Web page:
since some months I'm experiencing high REM sleep and low deep sleep. Not only anecdotal, also my tracker is confirming this, even if deep sleep seems to be within normal ranges.

I have no problems in falling asleep and, while I don't get up frequently, dreams (they are not nightmares) are disturbing my sleep, thus I'm waking up not fully refreshed.
Often I'm having a quick nap (not more that 30min) after lunch - it's an habit I developed during college. The odd thing is that also in this case I dream - I'm wondering how is it possible to dream in such a short amount of time.

I suspect that the culprit might be the usage of an antihistamine (ebastine), which I'm taking in the morning, prescribed by a specialist for treating itch related to an autoimmune skin disease (lichen).

Is there any supplement that can help in increasing deep sleep, or at least reducing REM?

Hoping that also @Hans would chime in.

Thanks everybody!

Fascinating, I would have thought napping would actually reduce your need for it - yes, you can definitely dream a lot when napping. You can even dream a lot in just a minute or two.

I assume you are tracking this using your phone - what is your tracker actually reading; movement via gyroscope, or audio via microphone/super high frequency emissions? I think sometimes these methods are not particularly accurate. Also, I believe some varieties of audio tracking are actually unhelpful for sleep, they may be disturbing you without your knowing. The other thing to consider is when you're actually sleeping.

I don't know anything about that medication specifically, but is it possible for you to get an antihistamine to use before bed as opposed to in the morning? I have friends who report very deep sleep after using them last thing in the evening. If this is not problematic for your condition, it could potentially be easier than introducing an additional substance or supplement. Having said that, I think Ray Peat has mentioned progesterone a few times as a substance which can promote very deep sleep - I'm thinking of the one story he tells about rubbing it in a rabbit's ears, and his friend thought the rabbit had died but it was just super-relaxed.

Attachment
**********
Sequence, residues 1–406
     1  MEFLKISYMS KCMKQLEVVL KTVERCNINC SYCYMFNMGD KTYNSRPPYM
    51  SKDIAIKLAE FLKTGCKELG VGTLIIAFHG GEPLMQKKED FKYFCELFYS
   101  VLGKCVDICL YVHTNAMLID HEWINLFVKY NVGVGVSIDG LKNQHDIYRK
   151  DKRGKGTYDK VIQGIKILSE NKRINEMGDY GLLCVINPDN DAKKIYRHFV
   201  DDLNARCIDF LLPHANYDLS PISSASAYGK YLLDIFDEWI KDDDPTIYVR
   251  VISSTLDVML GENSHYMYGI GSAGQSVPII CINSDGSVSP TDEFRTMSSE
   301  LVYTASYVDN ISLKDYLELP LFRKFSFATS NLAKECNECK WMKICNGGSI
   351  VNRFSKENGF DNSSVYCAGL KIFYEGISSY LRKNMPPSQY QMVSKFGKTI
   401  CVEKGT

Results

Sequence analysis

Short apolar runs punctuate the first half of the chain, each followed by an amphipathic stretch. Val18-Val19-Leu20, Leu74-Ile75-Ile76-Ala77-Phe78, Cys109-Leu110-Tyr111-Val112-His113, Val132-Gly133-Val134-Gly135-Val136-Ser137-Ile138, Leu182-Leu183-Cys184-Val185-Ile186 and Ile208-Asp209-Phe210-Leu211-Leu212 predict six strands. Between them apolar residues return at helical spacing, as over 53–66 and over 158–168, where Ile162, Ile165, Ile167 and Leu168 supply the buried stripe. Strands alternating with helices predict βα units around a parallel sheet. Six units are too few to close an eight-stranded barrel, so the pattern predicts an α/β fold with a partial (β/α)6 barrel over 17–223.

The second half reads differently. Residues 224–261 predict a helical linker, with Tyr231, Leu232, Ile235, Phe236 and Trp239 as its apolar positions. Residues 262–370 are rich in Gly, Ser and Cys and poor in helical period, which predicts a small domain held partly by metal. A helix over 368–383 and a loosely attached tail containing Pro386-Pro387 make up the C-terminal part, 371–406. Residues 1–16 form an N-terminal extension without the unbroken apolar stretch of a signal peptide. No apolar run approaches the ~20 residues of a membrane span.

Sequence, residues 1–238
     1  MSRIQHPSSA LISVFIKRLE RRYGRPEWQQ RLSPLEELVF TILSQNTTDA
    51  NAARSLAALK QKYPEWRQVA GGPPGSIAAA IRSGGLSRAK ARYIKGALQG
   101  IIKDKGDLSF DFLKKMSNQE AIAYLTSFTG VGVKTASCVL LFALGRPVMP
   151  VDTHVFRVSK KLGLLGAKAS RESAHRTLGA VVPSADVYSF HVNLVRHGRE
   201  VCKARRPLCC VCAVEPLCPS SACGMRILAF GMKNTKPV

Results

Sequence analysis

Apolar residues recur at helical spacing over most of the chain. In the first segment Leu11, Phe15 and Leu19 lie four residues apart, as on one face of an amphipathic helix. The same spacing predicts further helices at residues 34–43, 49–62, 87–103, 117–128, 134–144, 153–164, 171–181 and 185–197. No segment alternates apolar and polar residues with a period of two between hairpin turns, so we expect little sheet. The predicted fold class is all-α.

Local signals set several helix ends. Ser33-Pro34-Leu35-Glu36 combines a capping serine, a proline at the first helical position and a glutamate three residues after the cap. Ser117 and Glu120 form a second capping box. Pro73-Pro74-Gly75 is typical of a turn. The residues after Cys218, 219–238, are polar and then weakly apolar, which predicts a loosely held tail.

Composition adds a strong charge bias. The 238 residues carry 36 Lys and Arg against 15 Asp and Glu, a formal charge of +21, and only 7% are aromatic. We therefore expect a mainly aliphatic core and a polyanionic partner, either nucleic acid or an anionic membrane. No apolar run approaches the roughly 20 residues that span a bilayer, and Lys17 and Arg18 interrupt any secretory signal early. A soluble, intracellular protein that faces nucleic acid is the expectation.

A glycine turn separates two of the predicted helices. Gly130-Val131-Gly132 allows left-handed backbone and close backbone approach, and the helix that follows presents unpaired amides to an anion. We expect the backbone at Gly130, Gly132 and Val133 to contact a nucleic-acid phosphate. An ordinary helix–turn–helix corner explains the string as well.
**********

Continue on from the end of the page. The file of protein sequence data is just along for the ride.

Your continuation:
faxmulder

Member
Thread starter
Joined
Jan 21, 2020
Messages
112
Serotonin, cortisol, low thyroid and progesterone, low body temps and gut irritation are common things that prevent deep sleep.
Carbs, aspirin and thyroid can greatly enhance deep sleep.
Low body temps are one of the biggest factors that disrupt proper deep sleep.
Thanks man,

So antihistamine is not affecting the REM/deep sleep ratio in any way?

In the past it seemed that after a period using a stack with B complex, ubiquinol, bacopa and cordyceps I was sleeping better. Just a coincidence or is there any truth?

Regarding low body temp you are right, I have chilling hands... is there any natural supplement or herb that can help? Thank you!
 

baccheion

Member
Joined
Jun 25, 2017
Messages
1,804
Switch to biphasic sleep (2-3 cycles deep preceded by associated supplements/foods/etc, 1 cycle awake, 2-3 cycles REM preceded by salt/honey or other REM-associated things).
 

Nomane Euger

Member
Joined
Sep 22, 2020
Messages
268
Switch to biphasic sleep (2-3 cycles deep preceded by associated supplements/foods/etc, 1 cycle awake, 2-3 cycles REM preceded by salt/honey or other REM-associated things).
Hi,expand on that,you described my unintentional and accidental best nights of my life
 

Melekai

Member
Joined
Jul 8, 2017
Messages
23
A friend of mine is a performance coach, and has noted he does best when he gets a combined total of 4 hrs of deep + REM.